All-Star effort aims to stop counterfeiting
Baseball works with law enforcement to protect fans in Anaheim
ANAHEIM -- Major League Baseball, the Angels, the Anaheim Police Department and federal, state and local law enforcement agencies announced Wednesday that they are collaborating on an anti-counterfeiting task force to crack down on the production and sale of counterfeit merchandise and tickets during the 2010 MLB All-Star Week in Anaheim.
"Our No. 1 goal is to protect the baseball fans purchasing tickets and souvenirs throughout All-Star Week," said Ethan Orlinsky, senior vice president and general counsel for MLB Properties. "The anti-counterfeiting task force is designed to ensure our fans have the best experience possible, while also punishing counterfeiters to the fullest extent of the law."
Joining Orlinsky in making the announcement at Angel Stadium were Earnell Lucas, MLB's vice president of security and facilities management, Anaheim Police Chief John Welter and Angels chairman Dennis Kuhl.
MLB, the Angels and the city of Anaheim made it clear that counterfeiting and selling without the requisite licenses or permits is a crime under federal, state and/or local laws.
"The preparation and planning of an event like this is something we take very seriously here at Major League Baseball," Lucas said. "It would not be possible without the support of one of the finest law enforcement agencies in all of the country here in Anaheim."
Law enforcement officials will be aggressively enforcing those laws during MLB All-Star Week in order to protect consumers from purchasing substandard products as well as to protect legitimate manufacturers and vendors who invest money and other resources to provide consumers with high quality, licensed products.
Undercover investigators will be on the lookout for counterfeit merchandise and tickets throughout Anaheim during MLB All-Star Week, including in and around Angel Stadium and Anaheim Convention Center, which serves as the home of All-Star FanFest, as well as at manufacturing facilities, stores and sidewalk vendor locations.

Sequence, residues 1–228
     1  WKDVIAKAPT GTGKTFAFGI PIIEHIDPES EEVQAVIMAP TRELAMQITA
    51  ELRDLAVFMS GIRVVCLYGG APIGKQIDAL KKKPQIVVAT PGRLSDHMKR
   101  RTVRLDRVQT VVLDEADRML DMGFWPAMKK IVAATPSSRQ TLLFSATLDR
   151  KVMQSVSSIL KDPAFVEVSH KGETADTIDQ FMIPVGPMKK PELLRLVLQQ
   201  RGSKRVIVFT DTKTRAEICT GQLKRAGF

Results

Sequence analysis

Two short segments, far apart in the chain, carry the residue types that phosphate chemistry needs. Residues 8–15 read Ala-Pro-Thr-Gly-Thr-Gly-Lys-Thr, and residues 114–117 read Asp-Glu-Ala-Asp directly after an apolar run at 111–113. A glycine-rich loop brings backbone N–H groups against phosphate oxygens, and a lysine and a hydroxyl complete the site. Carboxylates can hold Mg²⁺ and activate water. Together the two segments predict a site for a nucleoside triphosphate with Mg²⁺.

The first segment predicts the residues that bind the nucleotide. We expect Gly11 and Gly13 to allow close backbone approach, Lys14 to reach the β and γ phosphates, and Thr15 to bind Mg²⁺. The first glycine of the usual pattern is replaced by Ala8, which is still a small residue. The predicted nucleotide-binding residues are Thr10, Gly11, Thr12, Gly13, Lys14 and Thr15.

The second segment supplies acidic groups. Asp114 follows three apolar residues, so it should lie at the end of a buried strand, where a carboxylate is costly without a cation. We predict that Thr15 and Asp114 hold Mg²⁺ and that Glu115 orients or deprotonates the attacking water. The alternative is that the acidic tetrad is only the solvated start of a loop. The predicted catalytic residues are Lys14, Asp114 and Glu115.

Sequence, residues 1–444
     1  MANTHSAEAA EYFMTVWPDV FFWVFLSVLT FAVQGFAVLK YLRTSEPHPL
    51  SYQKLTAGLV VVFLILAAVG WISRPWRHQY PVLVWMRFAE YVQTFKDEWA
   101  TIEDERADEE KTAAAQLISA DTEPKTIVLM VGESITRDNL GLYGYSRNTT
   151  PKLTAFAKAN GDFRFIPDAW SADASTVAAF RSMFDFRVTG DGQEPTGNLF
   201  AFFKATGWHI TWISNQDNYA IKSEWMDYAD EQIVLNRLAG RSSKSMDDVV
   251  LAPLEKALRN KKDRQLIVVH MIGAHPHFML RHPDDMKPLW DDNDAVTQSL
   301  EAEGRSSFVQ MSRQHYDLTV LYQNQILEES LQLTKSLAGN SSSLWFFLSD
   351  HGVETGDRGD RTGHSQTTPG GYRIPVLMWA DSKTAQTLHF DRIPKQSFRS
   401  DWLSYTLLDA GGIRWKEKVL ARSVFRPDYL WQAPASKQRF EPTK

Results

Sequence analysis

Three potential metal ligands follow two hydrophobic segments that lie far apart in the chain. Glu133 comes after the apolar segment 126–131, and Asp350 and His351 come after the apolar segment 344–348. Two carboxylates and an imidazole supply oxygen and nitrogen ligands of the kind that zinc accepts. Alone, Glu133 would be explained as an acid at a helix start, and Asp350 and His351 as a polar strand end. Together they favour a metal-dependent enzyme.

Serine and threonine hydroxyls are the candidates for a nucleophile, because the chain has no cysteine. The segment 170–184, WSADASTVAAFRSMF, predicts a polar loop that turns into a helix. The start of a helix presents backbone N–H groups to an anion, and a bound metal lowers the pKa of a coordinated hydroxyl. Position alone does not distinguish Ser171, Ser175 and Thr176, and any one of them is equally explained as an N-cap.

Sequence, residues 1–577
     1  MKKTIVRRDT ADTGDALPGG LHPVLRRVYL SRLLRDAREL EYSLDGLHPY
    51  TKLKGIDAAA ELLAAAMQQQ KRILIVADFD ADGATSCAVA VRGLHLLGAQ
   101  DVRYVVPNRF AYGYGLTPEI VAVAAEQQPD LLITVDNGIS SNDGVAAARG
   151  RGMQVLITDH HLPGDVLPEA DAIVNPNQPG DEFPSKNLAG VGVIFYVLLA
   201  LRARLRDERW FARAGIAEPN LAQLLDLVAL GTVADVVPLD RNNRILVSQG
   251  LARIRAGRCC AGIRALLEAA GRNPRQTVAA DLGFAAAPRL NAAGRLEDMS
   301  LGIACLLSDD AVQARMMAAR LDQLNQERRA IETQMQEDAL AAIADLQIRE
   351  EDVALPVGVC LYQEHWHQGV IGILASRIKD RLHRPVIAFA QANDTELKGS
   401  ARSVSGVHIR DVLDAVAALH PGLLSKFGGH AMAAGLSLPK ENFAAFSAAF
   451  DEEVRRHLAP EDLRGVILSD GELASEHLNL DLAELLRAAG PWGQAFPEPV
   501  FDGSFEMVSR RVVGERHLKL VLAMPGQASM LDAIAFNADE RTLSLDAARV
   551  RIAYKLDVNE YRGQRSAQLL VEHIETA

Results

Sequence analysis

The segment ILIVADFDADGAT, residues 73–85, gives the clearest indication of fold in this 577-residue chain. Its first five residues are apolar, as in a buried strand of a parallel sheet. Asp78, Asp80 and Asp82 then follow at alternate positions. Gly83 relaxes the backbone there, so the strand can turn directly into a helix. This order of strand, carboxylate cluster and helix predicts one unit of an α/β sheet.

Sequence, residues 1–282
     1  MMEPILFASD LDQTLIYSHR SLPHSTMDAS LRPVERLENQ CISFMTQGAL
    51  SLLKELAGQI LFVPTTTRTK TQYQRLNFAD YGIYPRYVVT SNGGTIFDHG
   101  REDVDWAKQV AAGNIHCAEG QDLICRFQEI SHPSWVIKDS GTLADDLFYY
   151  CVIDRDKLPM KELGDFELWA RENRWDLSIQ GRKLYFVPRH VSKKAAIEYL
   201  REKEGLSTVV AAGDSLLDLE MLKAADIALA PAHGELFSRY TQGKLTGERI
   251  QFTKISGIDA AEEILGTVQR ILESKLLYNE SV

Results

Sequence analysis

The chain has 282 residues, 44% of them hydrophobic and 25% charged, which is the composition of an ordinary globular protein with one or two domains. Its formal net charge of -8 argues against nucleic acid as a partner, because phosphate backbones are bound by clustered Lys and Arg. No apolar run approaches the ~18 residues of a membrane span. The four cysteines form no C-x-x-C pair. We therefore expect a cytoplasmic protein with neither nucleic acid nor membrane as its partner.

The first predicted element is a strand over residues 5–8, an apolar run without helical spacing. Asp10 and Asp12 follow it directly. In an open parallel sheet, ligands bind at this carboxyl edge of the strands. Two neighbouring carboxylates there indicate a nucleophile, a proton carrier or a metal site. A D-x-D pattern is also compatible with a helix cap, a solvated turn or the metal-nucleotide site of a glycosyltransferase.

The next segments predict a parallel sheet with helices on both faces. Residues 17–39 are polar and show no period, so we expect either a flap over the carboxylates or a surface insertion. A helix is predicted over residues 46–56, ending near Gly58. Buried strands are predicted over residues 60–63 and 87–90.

Fans can do their part when purchasing merchandise by looking for the hologram sticker or holographic tag and a sewn-in label or screen-printed notice identifying a licensee that has been authorized by Major League Baseball Properties to produce official licensed merchandise. They should also purchase any merchandise at MLB-authorized retail locations, such as the Official Angels Team Store and MLB.com, instead of buying items from itinerant street vendors, flea markets or other questionable sources.
Anyone found guilty of producing, distributing, offering for sale or selling counterfeit merchandise could face fines of up to $2 million and/or imprisonment for up to 10 years under federal, state and local laws. Additionally, law enforcement will target the sale of counterfeit tickets, the penalty for which, if convicted, is a maximum sentence of three years in prison and/or fines of up to $250,000.
"The legislatures have done their part and passed the laws," Orlinsky said. "And so we together with the police department, the code enforcement officials and, if necessary, the federal officials, we will investigate and prosecute to the fullest extent of the law. We ramp up our efforts this week."
It's all part of making All-Star Week a safe and enjoyable time for everyone involved, whether it's at FanFest, Taco Bell All-Star Sunday, the State Farm Home Run Derby on Monday or the 81st MLB All-Star Game on Tuesday.
"We're looking forward to a safe and profitable event for the entire Orange County area," Welter said. "We're excited to host the event. Our goal is to have safe environment for everyone who attends the activities during the week."
Rhett Bollinger is a reporter for MLB.com. This story was not subject to the approval of Major League Baseball or its clubs.